Citing student privacy laws last week, Ohio Supreme Court justices ruled 6-1 against releasing Betts' school records to WHIO, and other media outlets, seeking to find out if information in Betts' school records would have revealed past behavior concerns.
Justices cited the “unambiguous” language in the Ohio student privacy law in question, arguing it protects the confidentiality of records, even if a student is deceased.
Tinkham said no one in his circle was aware of past concerns surrounding Betts. He also emphatically believes events in the final months of Betts' life may have profoundly impacted his mindset.
Following the Oregon District attack, Tinkham said his son, who declined to be interviewed by the I-Team, described Betts displaying concerning behavior during a Chicago trip.
“They said that he brought a gun or something with him, and made comments about using it. So they got a little weary of him when they got back,” Tinkham said.
Betts' behavior upon returning, he added, also concerned his son and friends.
“He started to say weird things,” Tinkham remembers his son sharing with him. “He (Betts) started to ask people for money from the shows. Like, email them later ask money from the shows. And that’s what started them getting bothered by his behavior.”
According to Tinkham, his son cut ties Betts following a July 17, 2019 show at Hannah’s on Ludlow in Downtown Dayton – 18 days before the attack. Tinkham said Betts, at that point, had effectively been kicked out of two different bands during a relatively short period of time.
Past I-Team reporting also revealed a split between Betts and his girlfriend in the late spring of 2019.
“Him being alienated from his big group of people he always hung around, I think took a little effect on him,” Tinkham said.
Tinkham also wonders if the extreme heavy metal-punk music that was his and his son’s connection to Betts, full of vulgar lyrics, could have had a very different impact on Betts, compared to other group members.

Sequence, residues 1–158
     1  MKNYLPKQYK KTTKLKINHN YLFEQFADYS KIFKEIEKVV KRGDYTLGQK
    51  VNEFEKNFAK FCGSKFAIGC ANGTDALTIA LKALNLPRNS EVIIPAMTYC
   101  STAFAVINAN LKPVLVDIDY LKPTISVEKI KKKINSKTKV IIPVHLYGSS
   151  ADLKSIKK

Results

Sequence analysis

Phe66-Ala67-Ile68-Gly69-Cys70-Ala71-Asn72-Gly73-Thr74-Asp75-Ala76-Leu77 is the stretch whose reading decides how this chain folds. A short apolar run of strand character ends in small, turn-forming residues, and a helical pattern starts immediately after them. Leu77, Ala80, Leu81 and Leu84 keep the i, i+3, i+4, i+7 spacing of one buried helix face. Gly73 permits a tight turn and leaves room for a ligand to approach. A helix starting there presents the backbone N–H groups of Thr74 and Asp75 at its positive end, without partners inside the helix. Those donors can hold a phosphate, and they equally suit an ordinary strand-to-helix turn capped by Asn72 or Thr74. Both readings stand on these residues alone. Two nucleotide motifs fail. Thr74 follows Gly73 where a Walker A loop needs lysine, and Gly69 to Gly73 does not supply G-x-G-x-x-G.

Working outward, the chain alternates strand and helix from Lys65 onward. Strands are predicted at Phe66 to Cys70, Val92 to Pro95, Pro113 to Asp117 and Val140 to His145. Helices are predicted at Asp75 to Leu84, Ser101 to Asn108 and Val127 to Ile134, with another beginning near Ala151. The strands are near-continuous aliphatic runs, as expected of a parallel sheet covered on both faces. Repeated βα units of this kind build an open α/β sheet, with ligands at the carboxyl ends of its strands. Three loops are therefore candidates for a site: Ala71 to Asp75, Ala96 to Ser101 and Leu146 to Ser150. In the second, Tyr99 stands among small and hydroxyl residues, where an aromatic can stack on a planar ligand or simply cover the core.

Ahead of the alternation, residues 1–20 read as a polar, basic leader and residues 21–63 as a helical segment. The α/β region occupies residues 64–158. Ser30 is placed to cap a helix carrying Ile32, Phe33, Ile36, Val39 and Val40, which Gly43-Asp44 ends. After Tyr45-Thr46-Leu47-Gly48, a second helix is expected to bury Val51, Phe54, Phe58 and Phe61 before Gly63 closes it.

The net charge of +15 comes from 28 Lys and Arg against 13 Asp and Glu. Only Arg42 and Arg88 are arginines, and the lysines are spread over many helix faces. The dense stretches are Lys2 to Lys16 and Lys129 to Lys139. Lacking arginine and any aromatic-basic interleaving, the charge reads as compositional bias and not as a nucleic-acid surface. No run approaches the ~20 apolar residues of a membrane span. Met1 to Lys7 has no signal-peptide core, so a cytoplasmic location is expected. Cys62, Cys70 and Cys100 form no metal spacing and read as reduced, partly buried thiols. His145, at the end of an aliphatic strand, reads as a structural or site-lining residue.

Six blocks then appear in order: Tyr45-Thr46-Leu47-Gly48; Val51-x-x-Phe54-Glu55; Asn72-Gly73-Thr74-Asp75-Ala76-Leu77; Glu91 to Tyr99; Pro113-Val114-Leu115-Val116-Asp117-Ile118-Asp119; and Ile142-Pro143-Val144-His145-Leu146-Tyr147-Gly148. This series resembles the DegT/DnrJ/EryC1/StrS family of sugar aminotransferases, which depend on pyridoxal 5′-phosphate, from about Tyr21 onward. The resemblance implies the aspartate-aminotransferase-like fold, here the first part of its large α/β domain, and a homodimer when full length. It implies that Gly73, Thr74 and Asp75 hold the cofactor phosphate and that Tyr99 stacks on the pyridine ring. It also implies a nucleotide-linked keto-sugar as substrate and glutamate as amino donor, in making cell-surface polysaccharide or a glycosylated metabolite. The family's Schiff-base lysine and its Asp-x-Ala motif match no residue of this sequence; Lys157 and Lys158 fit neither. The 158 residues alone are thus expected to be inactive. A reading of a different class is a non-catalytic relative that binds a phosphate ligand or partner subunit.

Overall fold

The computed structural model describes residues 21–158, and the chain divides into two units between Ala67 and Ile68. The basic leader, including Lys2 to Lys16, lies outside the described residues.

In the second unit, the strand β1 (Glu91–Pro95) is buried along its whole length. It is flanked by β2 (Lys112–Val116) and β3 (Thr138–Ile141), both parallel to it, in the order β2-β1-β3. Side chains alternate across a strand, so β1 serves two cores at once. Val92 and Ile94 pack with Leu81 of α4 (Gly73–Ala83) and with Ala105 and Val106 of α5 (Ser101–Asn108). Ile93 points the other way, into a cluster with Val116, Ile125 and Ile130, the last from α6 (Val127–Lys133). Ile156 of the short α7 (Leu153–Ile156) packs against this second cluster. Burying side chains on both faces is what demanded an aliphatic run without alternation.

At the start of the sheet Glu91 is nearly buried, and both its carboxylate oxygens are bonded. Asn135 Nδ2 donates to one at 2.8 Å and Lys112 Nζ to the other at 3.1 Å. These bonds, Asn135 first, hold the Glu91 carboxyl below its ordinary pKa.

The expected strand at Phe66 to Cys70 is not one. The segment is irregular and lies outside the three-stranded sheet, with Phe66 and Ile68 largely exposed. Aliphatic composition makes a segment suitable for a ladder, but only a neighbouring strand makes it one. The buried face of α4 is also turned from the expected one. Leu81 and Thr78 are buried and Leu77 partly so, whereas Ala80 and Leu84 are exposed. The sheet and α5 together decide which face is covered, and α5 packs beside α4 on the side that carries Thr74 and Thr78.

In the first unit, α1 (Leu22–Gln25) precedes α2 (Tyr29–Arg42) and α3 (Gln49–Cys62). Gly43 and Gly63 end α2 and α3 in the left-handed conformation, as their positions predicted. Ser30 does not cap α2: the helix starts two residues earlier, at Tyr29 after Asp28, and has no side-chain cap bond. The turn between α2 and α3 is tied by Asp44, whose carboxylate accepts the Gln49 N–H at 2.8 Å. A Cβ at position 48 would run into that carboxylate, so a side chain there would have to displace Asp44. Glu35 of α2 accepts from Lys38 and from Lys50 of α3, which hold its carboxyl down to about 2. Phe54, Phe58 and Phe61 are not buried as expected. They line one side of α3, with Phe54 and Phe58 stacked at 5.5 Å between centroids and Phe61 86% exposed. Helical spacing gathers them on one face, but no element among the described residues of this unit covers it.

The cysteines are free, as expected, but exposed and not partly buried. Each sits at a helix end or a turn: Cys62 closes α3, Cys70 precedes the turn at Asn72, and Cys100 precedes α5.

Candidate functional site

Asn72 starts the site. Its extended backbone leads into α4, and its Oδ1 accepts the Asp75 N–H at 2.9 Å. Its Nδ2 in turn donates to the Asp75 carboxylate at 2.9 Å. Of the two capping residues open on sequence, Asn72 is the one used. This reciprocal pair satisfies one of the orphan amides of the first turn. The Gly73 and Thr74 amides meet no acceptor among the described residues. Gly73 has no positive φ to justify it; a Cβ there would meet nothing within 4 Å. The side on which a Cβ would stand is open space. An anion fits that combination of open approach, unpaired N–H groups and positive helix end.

“With this kind of music we always joke around with things. We always say things that are just – it’s out of context – but we’re just joking,” Tinkham said. “And we just think that, I don’t know, maybe he took that stuff literally. Or maybe he thought these things.”
Federal investigators admitted soon after the 2019 attack they had uncovered evidence Betts was “exploring violent ideologies.”
The I-Team contacted both Oregon District mass shooting investigation agencies. Dayton Police Department and Federal Bureau of Investigation representatives confirmed they were aware of the story Tinkham told – of Betts' acquaintances apparently cutting ties over concerning behavior in the weeks and months prior to the attack.
An FBI spokesperson added the agency is exploring that and ‘other factors’ in its' investigation into Betts' motive for the killings, but declined to release specifics.
As for Tinkham, the thought of his group’s split with Betts so close to the attack continues to haunt him.
“We all feel grateful to be around,” he said. “It could have been any of us.”
Tinkham hopes coming forward provides additional context in the Dayton community’s search for answers in a terrible night that forever changed so many lives.
Cox Media Group